I run a bash command from a c++ code using the system function provided in cstdlib. My question is not about the c++ implementation, but the one thing that is relevant to my question, is that I have to run multiple command on one line.

For instance, I run a gnuplot script contained in another directory. So my command is the following:

cd some/path; gnuplot -e gnuplot_file.gp; cd - > /dev/NULL

Both cd commands are important for personal reasons. I also want to "hide" the ouput in /dev/NULL.

Here is my question : how do I know the exit status of the gnuplot command ? Knowing if it failed is enough.

My problem is that I currently get the exit status of the last command, which is true even if the gnuplot failed.

I know that if I use && instead of ;, the last command won't be executed if the previous one fails and the exit status would then be false. But I need the last command to be executed...

What is the workaround ?

  • 2
    cd some/path; gnuplot ...; eval 'cd -- "$OLDPWD";' [ "'${?#1}'" ]
    – mikeserv
    Feb 5, 2016 at 8:14
  • @mikeserv, thx a lot ! I wouldn't have found this by myself ! It looks ugly but it works !
    – PinkFloyd
    Feb 5, 2016 at 8:19
  • @mikeserv Wouldn't ! [ "${?#0}" ] make more sense? Feb 5, 2016 at 8:26
  • @HaukeLaging - no, but it should be ${?##[!0]*} actually, though that's pushing it and so "[ $? -eq 0 ]" would be more sensible. Anyway, the point is to evaluate to null a failed $? so that [ returns true for a single, not-null arg or false for a single empty one.
    – mikeserv
    Feb 5, 2016 at 8:36
  • @HaukeLaging - oh, yes! I'm sorry - i completely spaced the leading ! there. I do that a lot - im a spacey guy i guess. i always have to look at the most simple things like 5 times before i actually get it. just a dummy that way, i guess. but yours is better.
    – mikeserv
    Feb 5, 2016 at 8:42

4 Answers 4


Drop the gnuplot into a subshell and then it's the last command executed. You also no longer require the last cd because the change of directory at the beginning of the subshell affects only the gnuplot, and so the redirection to /dev/null is also moot.

( cd some/path; gnuplot -e gnuplot_file.gp )

Perhaps you intended the redirection to /dev/null to apply to the entire command? (That's not what you've written in your question, though.)

( cd some/path; gnuplot -e gnuplot_file.gp ) >/dev/null

Finally, my preference for a snippet like this would be to run the gnuplot only if the initial cd succeeded. This would affect the exit status, in that you'd get a failed return if the change of directory failed, but is probably safer code

( cd some/path && gnuplot -e gnuplot_file.gp ) >/dev/null
  • Thanks for your answer ! I was not aware of the subshell option... This looks like a clean solution. You're saying that the final cd is useless because only the subshell is affected by the initial cd, how does this change if the initial cd fails ?
    – PinkFloyd
    Feb 8, 2016 at 9:22

Save the return value in a variable:

cd some/path; gnuplot -e gnuplot_file.gp; gnuplot_ret=$?; cd "$OLDPWD"; exit $gnuplot_ret

Another way: Run in a subshell:

(cd some/path; gnuplot -e gnuplot_file.gp)

Since the directory change happened in a subshell, it doesn't affect your current shell and you don't need to cd back. And you get the exit status for free.


You could capture the exit code in a variable:

cd some/path; gnuplot -e gnuplot_file.gp ; a=$?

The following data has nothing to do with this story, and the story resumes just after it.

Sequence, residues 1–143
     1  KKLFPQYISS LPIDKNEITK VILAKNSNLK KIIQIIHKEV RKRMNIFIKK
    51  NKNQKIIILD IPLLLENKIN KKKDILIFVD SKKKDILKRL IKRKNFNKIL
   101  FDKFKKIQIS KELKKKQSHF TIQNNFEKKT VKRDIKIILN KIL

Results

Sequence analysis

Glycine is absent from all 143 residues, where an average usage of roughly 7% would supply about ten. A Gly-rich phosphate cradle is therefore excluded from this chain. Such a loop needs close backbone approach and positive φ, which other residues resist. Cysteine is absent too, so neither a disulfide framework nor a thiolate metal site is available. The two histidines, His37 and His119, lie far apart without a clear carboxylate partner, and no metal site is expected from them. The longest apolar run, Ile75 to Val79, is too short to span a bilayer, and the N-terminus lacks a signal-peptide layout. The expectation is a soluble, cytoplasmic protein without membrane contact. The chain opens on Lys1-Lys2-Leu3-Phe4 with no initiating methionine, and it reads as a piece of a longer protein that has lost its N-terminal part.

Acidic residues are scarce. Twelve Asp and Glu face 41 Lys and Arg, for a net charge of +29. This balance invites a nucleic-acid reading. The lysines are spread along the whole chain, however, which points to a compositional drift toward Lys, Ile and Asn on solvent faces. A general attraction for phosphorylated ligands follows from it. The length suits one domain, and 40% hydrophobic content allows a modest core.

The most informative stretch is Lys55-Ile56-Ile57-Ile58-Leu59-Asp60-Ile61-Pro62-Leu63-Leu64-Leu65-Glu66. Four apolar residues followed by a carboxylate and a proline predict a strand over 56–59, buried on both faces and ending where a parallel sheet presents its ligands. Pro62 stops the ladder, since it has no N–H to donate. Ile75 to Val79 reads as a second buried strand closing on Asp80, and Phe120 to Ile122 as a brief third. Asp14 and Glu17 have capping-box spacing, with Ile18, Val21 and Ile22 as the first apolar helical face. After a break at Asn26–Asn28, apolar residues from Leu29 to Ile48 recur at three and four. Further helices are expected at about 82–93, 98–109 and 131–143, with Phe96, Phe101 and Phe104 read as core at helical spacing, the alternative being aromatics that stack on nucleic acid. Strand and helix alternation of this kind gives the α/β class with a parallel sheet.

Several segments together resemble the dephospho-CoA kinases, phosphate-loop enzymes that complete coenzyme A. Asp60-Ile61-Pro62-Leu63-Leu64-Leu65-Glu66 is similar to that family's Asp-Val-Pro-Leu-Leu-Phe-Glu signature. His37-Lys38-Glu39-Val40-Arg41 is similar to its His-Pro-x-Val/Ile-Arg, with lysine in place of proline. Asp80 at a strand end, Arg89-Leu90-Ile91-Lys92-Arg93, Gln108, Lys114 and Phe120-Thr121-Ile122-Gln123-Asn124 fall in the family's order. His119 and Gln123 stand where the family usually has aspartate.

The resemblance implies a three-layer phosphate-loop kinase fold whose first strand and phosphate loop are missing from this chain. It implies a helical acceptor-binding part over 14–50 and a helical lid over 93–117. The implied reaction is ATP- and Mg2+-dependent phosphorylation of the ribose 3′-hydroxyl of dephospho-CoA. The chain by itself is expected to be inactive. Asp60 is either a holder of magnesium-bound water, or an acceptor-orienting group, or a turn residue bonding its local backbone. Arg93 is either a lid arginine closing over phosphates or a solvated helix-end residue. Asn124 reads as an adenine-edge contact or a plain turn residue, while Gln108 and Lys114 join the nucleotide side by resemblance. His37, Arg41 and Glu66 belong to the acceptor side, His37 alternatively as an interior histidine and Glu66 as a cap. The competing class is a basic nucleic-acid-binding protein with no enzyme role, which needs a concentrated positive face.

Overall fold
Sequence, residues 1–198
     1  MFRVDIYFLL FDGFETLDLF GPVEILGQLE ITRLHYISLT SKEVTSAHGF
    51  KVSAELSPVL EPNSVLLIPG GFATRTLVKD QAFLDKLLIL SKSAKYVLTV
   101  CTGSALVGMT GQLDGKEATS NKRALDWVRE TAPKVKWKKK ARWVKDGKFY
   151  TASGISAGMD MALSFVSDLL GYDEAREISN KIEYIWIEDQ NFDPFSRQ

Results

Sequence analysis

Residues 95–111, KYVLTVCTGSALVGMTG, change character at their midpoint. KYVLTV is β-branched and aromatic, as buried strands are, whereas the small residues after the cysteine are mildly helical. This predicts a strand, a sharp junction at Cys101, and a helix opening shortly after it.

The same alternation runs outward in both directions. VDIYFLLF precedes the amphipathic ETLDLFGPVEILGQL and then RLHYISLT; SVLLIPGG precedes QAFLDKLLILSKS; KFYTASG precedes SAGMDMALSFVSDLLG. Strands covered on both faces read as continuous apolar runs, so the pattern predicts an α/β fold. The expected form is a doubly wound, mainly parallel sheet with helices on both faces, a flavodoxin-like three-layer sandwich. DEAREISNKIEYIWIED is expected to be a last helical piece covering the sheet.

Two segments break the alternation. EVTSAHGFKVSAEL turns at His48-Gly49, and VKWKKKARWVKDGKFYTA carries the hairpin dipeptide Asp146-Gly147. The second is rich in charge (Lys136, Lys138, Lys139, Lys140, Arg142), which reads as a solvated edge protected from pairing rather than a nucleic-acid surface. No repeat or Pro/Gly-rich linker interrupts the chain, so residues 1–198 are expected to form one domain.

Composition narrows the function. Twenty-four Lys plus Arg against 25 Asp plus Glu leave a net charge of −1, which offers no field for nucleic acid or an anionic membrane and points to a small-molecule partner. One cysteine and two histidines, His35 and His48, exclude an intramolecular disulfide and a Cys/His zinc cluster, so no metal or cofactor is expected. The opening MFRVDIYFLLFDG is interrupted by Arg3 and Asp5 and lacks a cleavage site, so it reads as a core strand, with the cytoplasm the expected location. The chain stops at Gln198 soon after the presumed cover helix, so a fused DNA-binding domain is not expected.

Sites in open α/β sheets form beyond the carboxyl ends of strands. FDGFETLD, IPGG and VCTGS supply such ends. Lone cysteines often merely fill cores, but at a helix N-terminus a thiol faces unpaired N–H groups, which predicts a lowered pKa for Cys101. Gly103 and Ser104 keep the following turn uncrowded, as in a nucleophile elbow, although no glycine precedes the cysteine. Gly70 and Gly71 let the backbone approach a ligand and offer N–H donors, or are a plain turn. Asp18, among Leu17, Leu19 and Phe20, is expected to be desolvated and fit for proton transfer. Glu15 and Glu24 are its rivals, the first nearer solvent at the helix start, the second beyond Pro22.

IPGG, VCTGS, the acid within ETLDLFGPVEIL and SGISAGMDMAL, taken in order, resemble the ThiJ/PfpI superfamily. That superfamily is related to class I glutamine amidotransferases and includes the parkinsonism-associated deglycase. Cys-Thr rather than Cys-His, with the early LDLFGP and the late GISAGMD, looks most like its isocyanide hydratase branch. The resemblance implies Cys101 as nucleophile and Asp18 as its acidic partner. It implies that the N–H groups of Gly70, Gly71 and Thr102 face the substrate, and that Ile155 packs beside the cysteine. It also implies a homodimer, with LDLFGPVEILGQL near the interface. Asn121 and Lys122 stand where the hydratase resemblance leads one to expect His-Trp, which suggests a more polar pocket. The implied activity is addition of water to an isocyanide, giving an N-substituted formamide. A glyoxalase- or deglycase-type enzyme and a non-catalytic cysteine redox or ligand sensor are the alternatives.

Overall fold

return to the previous directory (without any console output):

cd -- "$OLDPWD"

Print exit code

And then print the exit code captured (full line):

cd some/path; gnuplot -e gnuplot_file.gp ; a=$?; cd -- "$OLDPWD"; echo "$a"

If you need to re-create an exit code, there are many possible ways:

[ "x$a" == 'x0' ]
[ "$a" -eq 0 ]
[ ! "${a#0}" ]
[[ $a == 0 ]]
[[ $a -eq 0 ]]

It is recommendable not to use "${a#1}" as an error exit code could be any number other than 1. It is not guaranteed that a will be 1 for an error.

Or, as a is a number, if you accept to use an arithmetic solution (bash):

(( a == 0 ))
! (( a ))
(( ! a ))

Re-create exit code..

The full line would be:

cd some/path; gnuplot -e gnuplot_file.gp ; a=$?; cd -- "$OLDPWD"; (( ! a ))

The exit code will be 0 or 1, all errors will be reported with an exit code of 1.

Full exit code

An exit "$a" is useful only if it is useful to end the execution of the script.
Understand that that will preserve the actual exit code.

 cd some/path && gnuplot -e gnuplot_file.gp ; a=$?; cd -- "$OLDPWD"; exit "$a"

A 'return "$a"' may be useful if used inside a function.

    cd some/path && gnuplot -e gnuplot_file.gp ; a=$?
    cd -- "$OLDPWD"; return "$a"
  • Thank you for you well explained answer ! I sadly don't see why this answer is better than the one I got in the comments of my question. Your answer provides a nice way to return the full exit code but I don't need that much...
    – PinkFloyd
    Feb 8, 2016 at 9:16
  • @PinkFloyd There are several differences: no use of (evil) eval, simple and clear IMO use of a variable to capture the exit code, explaining why ${a#1} is wrong, and the use of bash arithmetic ((! a )). That is beside the full exit code you mention. As to which is better? Well, it is up to you to make such judgement and select the one that works better for you. In my opinion, I like mine better, but I am not the one responsible of making such call. In either case, just Enjoy what you got.
    – user79743
    Feb 8, 2016 at 9:48

You could change the dir in your code before calling the system

#include <stdio.h>
#include <stdlib.h>
#include <unistd.h>

#define BUFFSIZE 1024

int main(int argc, char **argv) {
  char old_dir[BUFFSIZE];
  getcwd(old_dir, BUFFSIZE); 


  int retvalue=system("gnuplot -e gnuplot_file.gp");


  if (retvalue == -4) {
    /* do something ... */

Note that this solution is not thread-safe because changes the current directory of the process.

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